P.V. Dixit, C.J.
1. By this reference under Section 44 of the Madhya Pradesh General Sales Tax Act, 1958 (hereinafter called 'the Act'), the Board of Revenue has referred to this Court for its opinion the following questions which are said to be questions of law arising out of its order dated 26th October, 1962:
(1) Whether, in the circumstances of the case, the Tribunal was justified in determining the liability of the applicant to tax during the assessment period on the basis of the material available on record instead of remanding the case?
(2) Whether, on the facts and in the circumstances of the case, the applicant has been correctly held to be liable to tax during the assessment period on the basis of his quantum of purchases plus 20 per cent. thereon as profit?
2. The facts of the case, shortly stated, are these. The applicant deals in cloth. Since he was formerly an unregistered dealer, an enquiry was made about his business in Case No. 42 of 1955 and, by an order dated 10th April, 1957, recorded in that case, it was held that his liability to tax commenced on 18th December, 1952. Thereafter, proceedings were started for assessing to tax the sales made by him during the period 1st January, 1954, to 14th November, 1955. His objection that the aforesaid sales were not liable to be taxed was not considered on the ground that his liability to pay tax had commenced on 18th December, 1952, as already decided on 10th April, 1957. By an order dated 16th January, 1958, he was required to pay Rs. 1,749 as tax on the sales made by him during the period. He filed two successive appeals to the Assistant Commissioner of Sales Tax and the Board of Revenue against that order and unsuccessfully raised the same objection. While the Assistant Commissioner did not consider it, the Board of Revenue took the view that the objection could be raised but that, since it could be decided on the material on record, it was unnecessary to remand the case. Being aggrieved, the applicant moved the Board of Revenue which has, as already indicated, made this reference.
3. It is clear from Sub-section (3) of Section 4 of the Central Provinces and Berar Sales Tax Act, 1947, and is also not disputed either, that, if the applicant's liability to pay tax commenced from 18th December, 1952, he continued to be so liable for the period 1st January 1954, to 14th November, 1955. The applicant disputed his liability to pay tax for that period because he challenged the conclusion that his liability to pay tax had commenced from 18th December, 1952. His main grievance was that he was not given an opportunity to show that he did not become liable to tax from that date. We asked the learned Counsel for the applicant whether he had account books or other material by which he could show that his liability to pay tax did not commence from that date and he frankly conceded before us that the applicant had placed before the taxing authorities whatever material was in his own possession, including that showing his total purchases made in the years 1949-50 to 1954-55. liven so, the counsel argued that he could call other businessmen to prove that his turnover of sales could not have exceeded the prescribed limits so as to make him liable to pay tax from 18th December, 1952. In a situation like this, the Board of Revenue was entitled and, we think, not unjustified in deciding the case on the material on record and in declining to remand the case. It had ample power so to do under Section 22(4) of the Central Provinces and Berar Sales Tax Act, 1947. Our answer to the first question is therefore in the affirmative.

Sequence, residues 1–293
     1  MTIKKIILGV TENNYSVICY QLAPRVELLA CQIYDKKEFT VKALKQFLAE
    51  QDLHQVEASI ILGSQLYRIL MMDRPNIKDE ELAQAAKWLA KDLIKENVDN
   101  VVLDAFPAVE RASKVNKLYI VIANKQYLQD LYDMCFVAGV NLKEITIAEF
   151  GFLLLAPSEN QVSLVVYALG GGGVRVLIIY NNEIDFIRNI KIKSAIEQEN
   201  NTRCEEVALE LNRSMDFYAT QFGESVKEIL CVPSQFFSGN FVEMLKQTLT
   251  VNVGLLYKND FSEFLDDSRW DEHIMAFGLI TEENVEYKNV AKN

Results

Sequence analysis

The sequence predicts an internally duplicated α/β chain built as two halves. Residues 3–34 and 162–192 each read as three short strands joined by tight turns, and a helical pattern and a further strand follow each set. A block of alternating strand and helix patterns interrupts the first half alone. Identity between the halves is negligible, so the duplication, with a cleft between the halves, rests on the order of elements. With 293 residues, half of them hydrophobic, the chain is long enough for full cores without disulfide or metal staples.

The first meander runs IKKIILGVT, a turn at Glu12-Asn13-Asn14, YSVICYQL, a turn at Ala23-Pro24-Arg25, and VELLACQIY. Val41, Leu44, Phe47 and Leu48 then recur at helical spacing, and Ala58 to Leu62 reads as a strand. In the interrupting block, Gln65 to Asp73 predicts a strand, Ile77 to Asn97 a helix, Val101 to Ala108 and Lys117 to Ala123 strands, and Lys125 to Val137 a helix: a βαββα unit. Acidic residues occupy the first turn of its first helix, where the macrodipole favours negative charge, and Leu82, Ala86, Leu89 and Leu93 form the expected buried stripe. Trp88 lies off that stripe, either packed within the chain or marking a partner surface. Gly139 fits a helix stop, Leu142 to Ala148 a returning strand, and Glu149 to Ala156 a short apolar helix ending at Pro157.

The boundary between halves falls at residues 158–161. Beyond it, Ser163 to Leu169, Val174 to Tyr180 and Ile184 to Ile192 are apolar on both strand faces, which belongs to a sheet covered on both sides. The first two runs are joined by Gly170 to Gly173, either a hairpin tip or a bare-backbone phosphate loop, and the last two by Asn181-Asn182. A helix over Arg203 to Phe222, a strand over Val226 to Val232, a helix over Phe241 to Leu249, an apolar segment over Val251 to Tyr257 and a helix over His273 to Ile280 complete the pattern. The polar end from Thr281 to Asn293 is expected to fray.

4. The other question is also, we think, easily answered. As already stated, the applicant had not applied for registration and, if he was liable to pay tax under the Act, the taxing authority could, after giving him a reasonable opportunity of being heard, proceed to assess him to tax to the best of its judgment under Section 18(5) of the Act. The Board of Revenue affirmed the conclusion that his liability to pay tax commenced from 18th December, 1952, on the basis of the total purchases for the year 1952-53 which he had himself disclosed. To the figure of total purchases given for the year, the Board of Revenue added 20% as a flat rate of profit. The learned Counsel for the applicant has taken exception to this addition because, in his opinion, it is speculative. We do not agree. It is now well established that, where a dealer has not maintained any account of his sales, it is open to the taxing authority exercising its judgment reasonably and judicially to compute the profit by applying a flat rate of a certain percentage to the admitted figure of total purchases. In this view, the answer to the second question also is in the affirmative. But the question at what rate the profit should have been calculated is essentially a question of fact depending upon the nature and extent of the business and the surrounding circumstances and does not raise any question of law: Feroz Shah v. Income-tax Commissioner  1 I.T.R. 219 (P.C.).
5. In the result, we answer the two questions in the manner indicated above and direct that the applicant shall bear his own costs and pay those incurred by the department. Hearing fee Rs. 50.